Ambition and the Iceberg

December 7, 2009
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Margo Howard

The process of an iceberg breaking off from a glacier is called “calving.” I guess this makes me a calf, because I definitely did not stay with my parents on their metaphorical ice sheet of accomplishment. Both of them were energetic, highly motivated, and ambitious. They each had enormous drive to succeed — and they did. I, on the other hand, always regarded myself as an appreciator, an observer, rather than a doer.  As a young person, I had nothing in mind for my future self. Well, marriage, of course, but certainly not a career. I always knew that temperamentally I was not one of the worker bees.

Whereas some people would not know how or why they were so different from their parental models, upon reflection I knew exactly. For one thing, I was an only child — and a girl, at that. I was also born in 1940, so that my coming of age was just on the cusp of the women’s movement. Certainly no one in my family ever said, “Think about what you’re going to do, honey.” I viewed college as a social occasion and didn’t much care if I graduated — forget about graduate school. With a little maturity under my belt and four years of analysis, I was able to understand the dynamic underlying my lack of ambition.

Do not underestimate the effect of being a beloved only child in a privileged home where both parents saw to it that my confidence level was perhaps dangerously high. I was, quite simply, comfortable; comfortable in my skin and comfortable with the life I had. There was nothing I needed to prove, and I certainly didn’t have the “neurotic motor” that was driving both my parents. I thought long and hard about this “neurotic motor” theory when I wrote a memoir of our family, published in 1982. I needed to think about why the workaholic examples before me simply did not register; why it was almost as though I were inoculated against trying to accomplish something.

“The neurotic motor,” which I believe to be my own concept, seemed the perfect explanation not only for my parents, but for most high achievers. This “motor” supplied the incentive and the will to be outstanding. My father’s neurotic motor, for example, was to stop being the poor kid on the streets of Detroit. Unable even to finish high school because of his father’s death and the family’s financial need, he hustled and became a great salesman. His ultimate success was to be among the first business geniuses to combine discounting and franchising. The result was that he was the founder of Budget Rent A Car.

My mother’s neurotic motor was to forge an identity for herself apart from her identical twin sister. Though she became wildly famous and influential as “Ann Landers,” she could never quite ditch the twin act because her doppelganger followed her into the advice business as “Dear Abby.”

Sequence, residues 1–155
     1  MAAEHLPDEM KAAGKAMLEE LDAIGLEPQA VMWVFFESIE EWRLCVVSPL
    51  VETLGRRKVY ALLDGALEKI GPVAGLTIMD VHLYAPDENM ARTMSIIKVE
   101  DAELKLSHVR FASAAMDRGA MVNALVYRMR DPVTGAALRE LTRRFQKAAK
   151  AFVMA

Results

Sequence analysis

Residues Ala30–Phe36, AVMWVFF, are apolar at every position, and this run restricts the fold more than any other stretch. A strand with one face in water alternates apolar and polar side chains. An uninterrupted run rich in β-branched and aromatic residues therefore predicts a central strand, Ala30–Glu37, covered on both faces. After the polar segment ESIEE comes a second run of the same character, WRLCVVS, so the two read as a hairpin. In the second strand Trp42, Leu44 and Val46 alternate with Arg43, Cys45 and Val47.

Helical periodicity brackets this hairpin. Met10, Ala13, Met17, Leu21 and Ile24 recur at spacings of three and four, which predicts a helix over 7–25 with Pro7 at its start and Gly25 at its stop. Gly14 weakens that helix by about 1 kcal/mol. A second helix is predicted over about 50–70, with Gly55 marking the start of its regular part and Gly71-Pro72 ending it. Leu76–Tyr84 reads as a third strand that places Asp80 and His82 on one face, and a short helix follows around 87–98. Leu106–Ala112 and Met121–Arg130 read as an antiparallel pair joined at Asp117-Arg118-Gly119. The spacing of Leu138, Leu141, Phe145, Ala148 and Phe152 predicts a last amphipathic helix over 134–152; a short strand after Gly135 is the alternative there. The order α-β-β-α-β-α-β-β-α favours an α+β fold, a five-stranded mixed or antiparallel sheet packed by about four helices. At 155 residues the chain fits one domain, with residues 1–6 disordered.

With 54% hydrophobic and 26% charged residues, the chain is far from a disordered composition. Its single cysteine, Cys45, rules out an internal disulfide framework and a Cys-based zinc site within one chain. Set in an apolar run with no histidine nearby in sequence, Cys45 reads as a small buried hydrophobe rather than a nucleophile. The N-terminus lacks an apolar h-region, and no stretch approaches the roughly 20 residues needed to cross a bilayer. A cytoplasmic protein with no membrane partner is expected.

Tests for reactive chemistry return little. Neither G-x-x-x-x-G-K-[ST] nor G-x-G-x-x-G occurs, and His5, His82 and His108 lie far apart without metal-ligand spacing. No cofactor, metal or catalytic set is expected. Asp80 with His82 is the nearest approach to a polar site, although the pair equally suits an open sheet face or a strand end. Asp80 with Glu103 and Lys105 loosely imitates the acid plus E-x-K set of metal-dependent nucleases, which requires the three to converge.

I had nothing to prove; I was missing the neurotic motor. This is not to say that I am without neuroses, just that the desire to become a high achiever was never part of my script. My parents never pushed me to follow in their footsteps and, in fact, were supportive of my choices, both as a mother and homemaker and, later, when I wandered into a career.

The fact that I did ultimately become a syndicated columnist and author was totally accidental and, if it hadn’t been handed to me, I’m not sure it would ever have occurred to me that I could do something and get paid for it. I have the late Gene Siskel to thank for dragging me to meet his boss, the feature editor of the Chicago Tribune, where Siskel was then a very young movie critic, fresh out of Yale. His unusual thinking was that I was such a facile talker that maybe I could write. This is often a mistaken idea, but in my case, it was not. And, interestingly, both my mother’s writing and my own have been said to sound as though we were talking.

Honesty demands that I admit I have basically arranged things so that mine is a toy career. I have never knocked myself out. Even now, I would rather read than write. I would rather travel than be tied to a rigid schedule. While it is said that the apple doesn’t fall far from the tree, the iceberg that separates from the glacier can sometimes drift quite a distance.

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Margo Howard is the daughter of Eppie Lederer, who wrote as “Ann Landers” for 47 years. A native of Chicago, she wrote a column of social commentary, “Margo,” which was syndicated throughout the country in the 1970s. She has written for The New Republic, The Nation, People, TV Guide, and Good Housekeeping, and she was a columnist for Boston Magazine and Newsday in New York. Her advice column, “Dear Prudence,” appeared on, as well as in 200 newspapers. Her current online home is Howard has three adult children and lives in Cambridge, Mass. with her husband, Ron Weintraub.

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